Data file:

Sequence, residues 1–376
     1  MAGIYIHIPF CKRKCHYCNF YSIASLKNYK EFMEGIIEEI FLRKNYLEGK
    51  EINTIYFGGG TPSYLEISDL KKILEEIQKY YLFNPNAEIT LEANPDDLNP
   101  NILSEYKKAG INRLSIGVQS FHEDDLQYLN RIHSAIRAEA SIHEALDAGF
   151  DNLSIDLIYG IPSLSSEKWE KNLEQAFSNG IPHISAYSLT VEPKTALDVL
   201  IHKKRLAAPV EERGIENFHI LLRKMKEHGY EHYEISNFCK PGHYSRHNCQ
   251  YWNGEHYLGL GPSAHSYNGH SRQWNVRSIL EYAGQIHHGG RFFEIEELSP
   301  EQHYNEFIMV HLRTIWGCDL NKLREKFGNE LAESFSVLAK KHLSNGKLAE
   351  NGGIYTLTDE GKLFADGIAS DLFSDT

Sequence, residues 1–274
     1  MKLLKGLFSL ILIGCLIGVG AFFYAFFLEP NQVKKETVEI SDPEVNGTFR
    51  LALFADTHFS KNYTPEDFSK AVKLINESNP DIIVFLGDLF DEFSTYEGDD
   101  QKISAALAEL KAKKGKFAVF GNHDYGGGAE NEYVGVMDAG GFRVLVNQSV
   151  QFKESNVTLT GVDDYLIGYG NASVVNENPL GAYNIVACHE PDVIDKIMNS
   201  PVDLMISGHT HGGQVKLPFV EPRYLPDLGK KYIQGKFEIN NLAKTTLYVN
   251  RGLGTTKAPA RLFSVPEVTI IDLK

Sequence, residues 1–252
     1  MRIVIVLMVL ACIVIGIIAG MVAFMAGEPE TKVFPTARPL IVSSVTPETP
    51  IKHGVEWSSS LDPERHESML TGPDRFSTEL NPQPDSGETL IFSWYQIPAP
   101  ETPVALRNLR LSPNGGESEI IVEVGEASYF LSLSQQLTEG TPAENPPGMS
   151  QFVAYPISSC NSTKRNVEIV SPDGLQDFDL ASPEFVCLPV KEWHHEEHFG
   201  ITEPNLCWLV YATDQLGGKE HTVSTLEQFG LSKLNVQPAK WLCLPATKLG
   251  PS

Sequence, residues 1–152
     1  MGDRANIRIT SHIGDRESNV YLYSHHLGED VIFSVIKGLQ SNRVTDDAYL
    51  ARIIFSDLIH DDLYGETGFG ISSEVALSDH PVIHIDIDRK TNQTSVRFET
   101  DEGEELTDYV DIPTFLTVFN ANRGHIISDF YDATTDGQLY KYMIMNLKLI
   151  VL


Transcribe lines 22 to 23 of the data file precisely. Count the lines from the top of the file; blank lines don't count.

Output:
   201  ITEPNLCWLV YATDQLGGKE HTVSTLEQFG LSKLNVQPAK WLCLPATKLG
   251  PS